We already have regression tests based on analyzing the frame tree geometry computed by the layout engine. Visual regression tests have some advantages over comparing those coordinates:
- Visual tests eliminate false positives, because changes in the frame tree that don't affect rendering will not be detected.
- Visual tests eliminate false negatives, because they detect changes in rendering caused by z-ordering, image decoding, graphics layer changes, clipping, and so on, not just layout.
- Visual test results are easier to understand because we can show visually the difference between two runs. Anyone with HTML+CSS knowledge can run visual tests and analyze the output.
- These visual regression tests can run using an optimized build, but our frame tree tests require a debug build, so the visual tests will run 2-3 times faster. Also you'll be able to use standard Mozilla nightly builds to get a baseline, if you want to.
I initially tried to do this using Xvfb to create a virtual screen and taking screenshots of it (both using ImageMagick 'import' and reading the Xvfb virtual screen directly through its exported framebuffer). I had horrible problems with synchronization, trying to ensure that the Xvfb server had actually rendered all the commands Gecko sent to it before I took the screenshots, and eventually gave up on that approach late last week.
That solved a lot of problems but I had another set of problems to grapple with this week: nondeterminism. Basically the regression test approach depends on the fact that every time Gecko renders a page in a window of fixed width and height, we get exactly the same image, down to the details of each pixel. But with trunk code we don't and I just spent a few days figuring out exactly why. It boils down to the following issues:
- Animated images :-). These have to be turned off in the profile, using
- I use Gtk2+Xft builds, and the Freetype2 autohinter seems nondeterministic; it sometimes produces different glyphs for the same character in the same font. Turning off autohinting and antialiasing via ~/.fonts.conf seems to fix the problem.
- A bug in painting table collapsing-borders where the BCData::mCornerBevel bit is uninitialized, making Gecko occasionally think that a border should be bevelled when it shouldn't and throwing the painting out of alignment. (I also found that border-collapse painting can vary depending on the damage rect involved, but that's not affecting me right now.)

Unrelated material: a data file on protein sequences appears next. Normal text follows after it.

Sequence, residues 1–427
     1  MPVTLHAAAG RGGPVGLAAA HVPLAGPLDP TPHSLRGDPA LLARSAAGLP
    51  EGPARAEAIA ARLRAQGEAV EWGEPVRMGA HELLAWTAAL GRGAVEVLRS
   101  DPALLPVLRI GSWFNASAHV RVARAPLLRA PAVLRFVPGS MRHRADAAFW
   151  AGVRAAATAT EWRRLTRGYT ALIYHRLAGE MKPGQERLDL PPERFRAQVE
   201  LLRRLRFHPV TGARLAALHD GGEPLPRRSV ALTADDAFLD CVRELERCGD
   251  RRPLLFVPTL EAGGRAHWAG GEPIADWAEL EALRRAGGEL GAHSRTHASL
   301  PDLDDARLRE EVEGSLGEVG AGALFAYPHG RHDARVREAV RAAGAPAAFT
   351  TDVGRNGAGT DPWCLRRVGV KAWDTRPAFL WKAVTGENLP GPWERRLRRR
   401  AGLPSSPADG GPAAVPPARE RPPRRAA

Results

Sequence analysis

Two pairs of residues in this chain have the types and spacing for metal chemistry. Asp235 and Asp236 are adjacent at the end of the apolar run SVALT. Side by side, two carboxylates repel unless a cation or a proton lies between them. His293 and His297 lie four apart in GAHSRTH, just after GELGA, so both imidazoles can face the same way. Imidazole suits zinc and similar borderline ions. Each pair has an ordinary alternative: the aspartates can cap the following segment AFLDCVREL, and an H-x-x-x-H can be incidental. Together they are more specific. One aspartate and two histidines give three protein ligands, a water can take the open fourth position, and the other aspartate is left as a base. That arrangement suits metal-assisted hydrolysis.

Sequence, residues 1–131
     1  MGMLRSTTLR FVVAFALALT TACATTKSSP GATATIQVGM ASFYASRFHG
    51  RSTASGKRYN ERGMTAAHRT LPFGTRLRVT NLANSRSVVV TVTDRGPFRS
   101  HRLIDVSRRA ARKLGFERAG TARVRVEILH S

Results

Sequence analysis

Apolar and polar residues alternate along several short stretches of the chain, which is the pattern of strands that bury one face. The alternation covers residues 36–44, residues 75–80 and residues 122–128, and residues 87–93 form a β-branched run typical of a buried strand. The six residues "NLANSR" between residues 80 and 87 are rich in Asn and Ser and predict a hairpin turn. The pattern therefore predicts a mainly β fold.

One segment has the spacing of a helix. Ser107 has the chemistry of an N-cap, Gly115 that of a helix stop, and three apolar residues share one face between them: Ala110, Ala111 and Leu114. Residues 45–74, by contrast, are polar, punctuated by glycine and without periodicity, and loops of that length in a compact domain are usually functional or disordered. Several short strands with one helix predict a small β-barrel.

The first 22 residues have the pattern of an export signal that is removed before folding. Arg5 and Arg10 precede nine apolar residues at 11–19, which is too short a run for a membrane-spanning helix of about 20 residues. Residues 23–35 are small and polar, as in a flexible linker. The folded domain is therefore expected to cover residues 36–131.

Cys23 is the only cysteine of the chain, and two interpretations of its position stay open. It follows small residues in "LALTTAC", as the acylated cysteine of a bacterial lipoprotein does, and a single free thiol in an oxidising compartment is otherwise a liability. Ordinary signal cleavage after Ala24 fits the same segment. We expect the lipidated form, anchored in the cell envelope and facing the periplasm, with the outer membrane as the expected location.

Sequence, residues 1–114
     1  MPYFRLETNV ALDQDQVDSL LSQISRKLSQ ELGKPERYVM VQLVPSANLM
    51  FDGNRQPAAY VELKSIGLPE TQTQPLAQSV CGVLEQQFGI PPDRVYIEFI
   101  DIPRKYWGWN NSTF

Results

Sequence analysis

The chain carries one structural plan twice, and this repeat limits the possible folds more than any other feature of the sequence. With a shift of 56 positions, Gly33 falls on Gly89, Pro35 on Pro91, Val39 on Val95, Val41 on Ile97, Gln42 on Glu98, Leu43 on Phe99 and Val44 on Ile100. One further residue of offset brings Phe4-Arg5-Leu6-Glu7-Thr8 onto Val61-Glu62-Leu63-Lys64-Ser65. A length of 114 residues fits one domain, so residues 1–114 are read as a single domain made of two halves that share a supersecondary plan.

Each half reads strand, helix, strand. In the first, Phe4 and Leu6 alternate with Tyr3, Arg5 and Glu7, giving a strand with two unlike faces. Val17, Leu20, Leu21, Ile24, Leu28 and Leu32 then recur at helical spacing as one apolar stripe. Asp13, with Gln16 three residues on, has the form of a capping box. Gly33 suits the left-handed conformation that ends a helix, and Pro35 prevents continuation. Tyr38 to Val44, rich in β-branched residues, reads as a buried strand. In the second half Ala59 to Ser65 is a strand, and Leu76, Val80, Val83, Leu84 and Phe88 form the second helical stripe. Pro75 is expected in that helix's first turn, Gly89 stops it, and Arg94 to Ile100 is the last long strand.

- A bug in nsImageGTK::UpdateCachedImage where it copies image pixels into the image pixmap using gdk_draw_rgb_image_dithalign and specifies a "dither alignment" of rect->x, rect->y. It turns out that GTK already adds alignment to rect->x, rect->y so that we end up with the coordinates double-counted and incorrect alignment. This means when an image gets filled in in one shot we get one dithering, but when the image is filled in in multiple passes (e.g. data loads slowly from the network), the later sections get dithered slightly differently to the one-shot case. So on <24-bit displays, you get slight variations in colouration in some rendered images (not visible to the naked eye), but only when the network is slow.
- Freetype2 has a bug where if you ask it to resize a 13x13 face to a 12.5x12.5 face, it decides that they're close enough already and does nothing, even though creating faces from scratch for 13x13 and 12.5x12.5 would give you slightly different font metrics. Because Xft caches faces internally, this means when you're working with fractional font sizes Xft will sometimes give you varying font metrics depending on whether it's reusing a face in the cache (and hitting the Freetype2 bug when it tries to resize the face) or creating one from scratch. This in turn occasionally causes line heights, and sometimes the intrinsic width of text inputs which is computed from font maxAdvance, to be off by one pixel.
Dealing with nondeterministic program behaviour is always troublesome and tracking these down was really hellish. I had to instrument the code involved with logging functions, run my 1300 test cases multiple times until I saw two runs with different behaviours, compare the logs to narrow down the cause of the variation, and repeat until I had located the problem. And 1300 testcases with a lot of logging enabled is very unwieldy to analyze.
Anyway after fixing all these issues I now have 100% reproducible rendering for the 1300 testcases in the Mozilla tree. Next week I'll try the 2500 testcases in various online test suites. Hopefully they won't uncover any new issues. Then I'll get this work submitted in Bugzilla and get back to fixing bugs with the help of my shiny new regression test engine.
Currently my script takes about 130 seconds to run 1300 testcases on my 3GHz Xeon dedicated test machine. I have included support for distributing tests across multiple processors and I'm looking forward to seeing how many tests per second I get on my big machine.